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First Edition, published 1897, by The "University Press."
Second Edition, revised and enlarged, 1909.
Of the following essays, the first originally appeared as a series of magazine articles in 1896, and thereafter, revised and expanded, as a separate volume in 1897. That having been for years out of print, the essay is now again revised and considerably expanded, the thesis being strengthened by new parallels; while there is raised a fresh problem of some little interest, as to a point of apparent intellectual contact between Shakespeare and Bacon-not, of course, in the sense of the current Bacon-Shakespeare theorem.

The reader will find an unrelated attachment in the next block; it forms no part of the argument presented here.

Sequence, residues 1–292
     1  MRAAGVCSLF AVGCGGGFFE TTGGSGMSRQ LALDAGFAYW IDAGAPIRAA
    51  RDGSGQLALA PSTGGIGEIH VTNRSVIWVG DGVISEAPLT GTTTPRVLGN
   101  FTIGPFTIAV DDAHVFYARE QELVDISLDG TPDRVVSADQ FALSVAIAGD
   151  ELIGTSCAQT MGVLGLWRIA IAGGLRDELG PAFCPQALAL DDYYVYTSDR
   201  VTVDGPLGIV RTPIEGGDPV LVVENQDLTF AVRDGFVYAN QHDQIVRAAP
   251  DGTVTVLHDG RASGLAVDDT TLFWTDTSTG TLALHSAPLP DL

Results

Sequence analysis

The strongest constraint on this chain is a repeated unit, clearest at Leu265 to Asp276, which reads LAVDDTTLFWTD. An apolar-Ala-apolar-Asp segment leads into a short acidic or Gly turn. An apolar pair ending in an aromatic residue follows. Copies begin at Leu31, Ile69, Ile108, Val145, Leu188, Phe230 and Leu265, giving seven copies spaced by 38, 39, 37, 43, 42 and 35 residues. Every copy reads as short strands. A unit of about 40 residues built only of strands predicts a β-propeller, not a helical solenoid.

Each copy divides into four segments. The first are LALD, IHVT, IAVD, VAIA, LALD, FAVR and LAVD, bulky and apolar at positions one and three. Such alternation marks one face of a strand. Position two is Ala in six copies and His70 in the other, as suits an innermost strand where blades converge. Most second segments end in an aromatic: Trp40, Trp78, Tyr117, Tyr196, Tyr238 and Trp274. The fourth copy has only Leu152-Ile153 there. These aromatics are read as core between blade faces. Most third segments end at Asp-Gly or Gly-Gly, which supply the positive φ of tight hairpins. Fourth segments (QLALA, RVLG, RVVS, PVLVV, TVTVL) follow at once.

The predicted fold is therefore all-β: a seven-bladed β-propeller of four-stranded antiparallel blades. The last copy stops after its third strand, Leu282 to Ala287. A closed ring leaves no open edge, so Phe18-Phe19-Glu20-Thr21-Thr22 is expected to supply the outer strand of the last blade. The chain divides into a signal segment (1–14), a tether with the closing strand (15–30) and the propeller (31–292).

The paper on "The Originality of Shakespeare" discusses and answers a number of the criticisms passed on the first essay in 1897-98, and appeared as a magazine article. In view of later criticisms, and in particular of the positions taken up by the late Professor Churton Collins in his Studies in Shakespeare (1904), I have sought to clear up the
applicable critical principles in a general Introduction. And as Mr. Collins brought fresh learning to the support of the opinion combated by me in the further essay on "The Learning of Shakespeare," which first appeared as a magazine article in 1898, I have inserted in that a discussion of his arguments on this head, in addition to what I have said on the subject in the Introduction. The problems discussed in the three essays being interdependent, they are here grouped together, and so submitted to the candid attention of Shakespeare students.
JOHN M. ROBERTSON.